Designing External Activities

In her book on experiential learning, Jennifer Moon discusses the difficulty of implementing successful external activities in the classroom. For instance, in the case of placements, it is important to remember that learning “from work experience mimics everyday learning. It is disrupted and non-routine, emotion is involved… much of the learning is incidental or informal… there are different points of view for virtually any issue…. Making something of this chaotic learning situation is confusing for a learner who is used to being ‘fed’ information in lectures” (Moon, 2004, p. 165).

There is also the “danger of trapping learner understanding within their own work setting.” The students’ “understanding and working knowledge becomes over-localized and cannot transcend the present and the particular” (Moon, 2004, p. 167). The underpinning principle of the external activity therefore must be the use of reflection to focus on the process of learning, allowing the experience to be generalized to other situations (p. 164).

outside education

To help structure external experiences, instructors should “incorporate the pattern of inquiry so that students are thinking and solving problems” while still involved in the experiences (Wurdinger, 2005, p. 11). The pattern of inquiry is discussed in greater detail in the section of this document on designing classroom activities.

To help learners make sense of their experience, it is crucial that learning be focused. Moon suggests that learning can be focused with the following:

• Carefully structured learning outcomes

• Briefing sessions and/or handouts

• Opportunities for reflection

• Tasks that directly apply what has been learned from the placement

• Assessment criteria (Moon, 2004, p. 165)

To help clarify what she means by the importance of helping students understand how their particular experience applies to the world as a whole, Moon has listed areas of potential learning that “should be included in learning outcomes and assessment criteria” for external activities (Moon, 2004, p. 164). When planning an external activity, instructors should consider this list and select the most appropriate items to expand upon.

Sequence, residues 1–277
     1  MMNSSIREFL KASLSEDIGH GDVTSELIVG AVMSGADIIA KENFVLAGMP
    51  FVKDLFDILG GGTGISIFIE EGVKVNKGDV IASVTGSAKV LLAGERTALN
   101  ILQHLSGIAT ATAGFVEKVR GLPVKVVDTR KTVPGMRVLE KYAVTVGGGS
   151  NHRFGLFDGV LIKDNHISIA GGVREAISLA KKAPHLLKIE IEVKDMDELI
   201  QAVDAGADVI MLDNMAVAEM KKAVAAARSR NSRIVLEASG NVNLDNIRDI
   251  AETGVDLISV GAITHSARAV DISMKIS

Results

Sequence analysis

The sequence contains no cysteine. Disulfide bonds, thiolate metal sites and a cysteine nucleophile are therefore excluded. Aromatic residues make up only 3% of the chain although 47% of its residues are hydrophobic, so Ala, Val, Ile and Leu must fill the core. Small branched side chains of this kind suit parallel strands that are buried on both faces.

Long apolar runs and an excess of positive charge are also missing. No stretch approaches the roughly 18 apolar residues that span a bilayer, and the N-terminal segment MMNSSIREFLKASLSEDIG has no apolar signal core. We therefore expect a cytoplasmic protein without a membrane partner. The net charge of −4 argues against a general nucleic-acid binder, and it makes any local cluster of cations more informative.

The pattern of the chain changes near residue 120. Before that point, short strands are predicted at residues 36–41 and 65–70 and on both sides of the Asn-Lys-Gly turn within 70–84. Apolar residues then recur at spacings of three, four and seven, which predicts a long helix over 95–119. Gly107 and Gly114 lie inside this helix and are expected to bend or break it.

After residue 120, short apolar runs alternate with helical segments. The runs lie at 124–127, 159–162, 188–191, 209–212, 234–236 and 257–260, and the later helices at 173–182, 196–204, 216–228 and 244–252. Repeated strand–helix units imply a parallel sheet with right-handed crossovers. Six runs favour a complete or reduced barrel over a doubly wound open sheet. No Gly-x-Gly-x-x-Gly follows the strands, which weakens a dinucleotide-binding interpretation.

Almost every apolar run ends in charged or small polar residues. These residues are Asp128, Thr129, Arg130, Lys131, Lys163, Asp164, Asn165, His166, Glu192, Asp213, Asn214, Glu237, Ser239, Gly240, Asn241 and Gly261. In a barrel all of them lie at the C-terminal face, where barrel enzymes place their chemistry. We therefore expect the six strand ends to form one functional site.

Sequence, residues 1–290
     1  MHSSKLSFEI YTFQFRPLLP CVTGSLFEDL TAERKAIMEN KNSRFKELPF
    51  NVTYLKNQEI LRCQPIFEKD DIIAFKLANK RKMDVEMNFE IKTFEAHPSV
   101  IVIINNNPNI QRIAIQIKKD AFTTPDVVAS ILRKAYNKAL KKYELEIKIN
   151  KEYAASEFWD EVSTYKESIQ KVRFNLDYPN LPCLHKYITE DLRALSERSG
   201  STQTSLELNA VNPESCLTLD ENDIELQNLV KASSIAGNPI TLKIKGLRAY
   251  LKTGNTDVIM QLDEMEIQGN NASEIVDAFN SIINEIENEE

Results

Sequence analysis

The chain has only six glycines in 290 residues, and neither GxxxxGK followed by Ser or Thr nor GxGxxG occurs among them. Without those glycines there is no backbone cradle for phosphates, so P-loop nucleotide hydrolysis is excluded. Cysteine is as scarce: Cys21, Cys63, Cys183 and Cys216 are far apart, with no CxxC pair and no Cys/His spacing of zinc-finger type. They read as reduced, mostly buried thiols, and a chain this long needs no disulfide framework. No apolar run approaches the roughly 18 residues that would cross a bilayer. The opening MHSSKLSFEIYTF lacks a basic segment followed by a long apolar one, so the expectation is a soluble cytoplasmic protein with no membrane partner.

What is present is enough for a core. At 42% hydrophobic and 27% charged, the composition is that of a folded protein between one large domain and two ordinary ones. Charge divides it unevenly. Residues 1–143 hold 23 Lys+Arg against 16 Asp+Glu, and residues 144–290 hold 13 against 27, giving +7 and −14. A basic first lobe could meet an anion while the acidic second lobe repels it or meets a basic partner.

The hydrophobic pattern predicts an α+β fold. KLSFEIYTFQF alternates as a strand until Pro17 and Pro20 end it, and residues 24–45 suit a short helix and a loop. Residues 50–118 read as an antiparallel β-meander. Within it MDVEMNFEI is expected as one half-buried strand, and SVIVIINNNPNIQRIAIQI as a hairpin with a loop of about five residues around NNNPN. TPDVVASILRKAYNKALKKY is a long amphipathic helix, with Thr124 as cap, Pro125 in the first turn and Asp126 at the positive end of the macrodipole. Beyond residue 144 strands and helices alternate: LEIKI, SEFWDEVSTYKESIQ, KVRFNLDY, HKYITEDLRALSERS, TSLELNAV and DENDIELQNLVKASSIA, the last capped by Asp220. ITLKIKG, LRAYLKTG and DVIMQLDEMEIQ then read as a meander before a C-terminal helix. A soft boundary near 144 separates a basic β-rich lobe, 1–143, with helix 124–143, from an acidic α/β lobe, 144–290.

As part of an external experiential activity, a student should learn:

• about work and workplace practices,

• how organizations work,

• communication skills and about working with people,

• about personal work behavior patterns,

• to evaluate their own performance,

• to work with feedback from others,

• about their own career aspirations,

• to plan and complete projects,

• to learn from experience,

• about self-management,

• to use reflection and reflective practice,

• key employability (or other) skills “not easily gained elsewhere in the curriculum,”

• self-confidence and a willingness to take initiatives, and

• to enhance their orientation toward lifelong learning (Moon, 2004, p. 164).

The other major hurdle that instructors must successfully leap when developing external activities is the identification and recruitment of placement sites and supervisors, and the negotiation of agreements that will benefit both the site and the students. Cantor describes several key ingredients for successful placements:

  1. Programs should be designed to make them of “sufficient duration that employers are motivated to invest in training and use the program as their primary recruitment source.”
  2. Placement opportunities should be “substantive enough to be challenging even to highly educated or experienced adults.”
  3. Instructors should “locate the positions in the curricula with great professional potential and a dearth of entry-level opportunities” (Cantor, 1995, p. 87)

Instructors should visit the potential site and list the benefits that will “accrue to each, and the expectations of each partner… there should be a written agreement listing the kinds of activities that the students will be doing as part of the placement. Make sure there is a mutual understanding of the working conditions, salary (if any), hours of work, attendance, and evaluation process. These need to be spelled out in the written agreement. Make sure limits of liability are understood” (Cantor, 1995, p. 88).

When negotiating with potential partner institutions, Cantor reminds instructors to expressly state that mentors are expected to help “learners explicitly understand learning as it is occurring,” that expectations between mentors and learners must be “mutually understood and agreed upon, and reviewed periodically,” and that “concrete exhibition of learning and skills should be encouraged to enhance the learners selfconcept” (p. 85).

If it is the student’s responsibility to select their placement, instructors should guide their selection by helping the student identify their career goals, complete an environmental assessment, review the potential positions, develop suitable terms, complete the placement, and then review their experience (p. 84).

Extract from :
Prepared by Michelle Schwartz, Research Associate, for the Vice Provost, Academic, Ryerson University, 2012 
This entry was posted in Blogs.

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